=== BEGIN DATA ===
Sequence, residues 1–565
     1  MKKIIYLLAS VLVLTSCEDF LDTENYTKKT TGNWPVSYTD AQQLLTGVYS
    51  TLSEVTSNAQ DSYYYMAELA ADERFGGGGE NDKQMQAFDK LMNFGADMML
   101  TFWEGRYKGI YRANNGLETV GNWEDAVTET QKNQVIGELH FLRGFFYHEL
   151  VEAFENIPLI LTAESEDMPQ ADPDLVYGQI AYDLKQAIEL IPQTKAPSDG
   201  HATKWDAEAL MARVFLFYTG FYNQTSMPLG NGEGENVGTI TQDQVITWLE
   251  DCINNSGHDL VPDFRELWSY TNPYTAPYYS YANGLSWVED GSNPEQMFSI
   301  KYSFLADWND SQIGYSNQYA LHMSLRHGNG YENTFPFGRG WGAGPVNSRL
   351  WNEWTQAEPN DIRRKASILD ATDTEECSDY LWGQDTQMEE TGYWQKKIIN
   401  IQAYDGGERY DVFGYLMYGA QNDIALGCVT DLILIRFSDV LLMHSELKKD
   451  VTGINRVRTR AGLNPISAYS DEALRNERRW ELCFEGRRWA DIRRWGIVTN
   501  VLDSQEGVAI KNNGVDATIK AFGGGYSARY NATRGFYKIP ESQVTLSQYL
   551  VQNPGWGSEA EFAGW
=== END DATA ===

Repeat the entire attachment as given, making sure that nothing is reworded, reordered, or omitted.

Sequence, residues 1–565
     1  MKKIIYLLAS VLVLTSCEDF LDTENYTKKT TGNWPVSYTD AQQLLTGVYS
    51  TLSEVTSNAQ DSYYYMAELA ADERFGGGGE NDKQMQAFDK LMNFGADMML
   101  TFWEGRYKGI YRANNGLETV GNWEDAVTET QKNQVIGELH FLRGFFYHEL
   151  VEAFENIPLI LTAESEDMPQ ADPDLVYGQI AYDLKQAIEL IPQTKAPSDG
   201  HATKWDAEAL MARVFLFYTG FYNQTSMPLG NGEGENVGTI TQDQVITWLE
   251  DCINNSGHDL VPDFRELWSY TNPYTAPYYS YANGLSWVED GSNPEQMFSI
   301  KYSFLADWND SQIGYSNQYA LHMSLRHGNG YENTFPFGRG WGAGPVNSRL
   351  WNEWTQAEPN DIRRKASILD ATDTEECSDY LWGQDTQMEE TGYWQKKIIN
   401  IQAYDGGERY DVFGYLMYGA QNDIALGCVT DLILIRFSDV LLMHSELKKD
   451  VTGINRVRTR AGLNPISAYS DEALRNERRW ELCFEGRRWA DIRRWGIVTN
   501  VLDSQEGVAI KNNGVDATIK AFGGGYSARY NATRGFYKIP ESQVTLSQYL
   551  VQNPGWGSEA EFAGW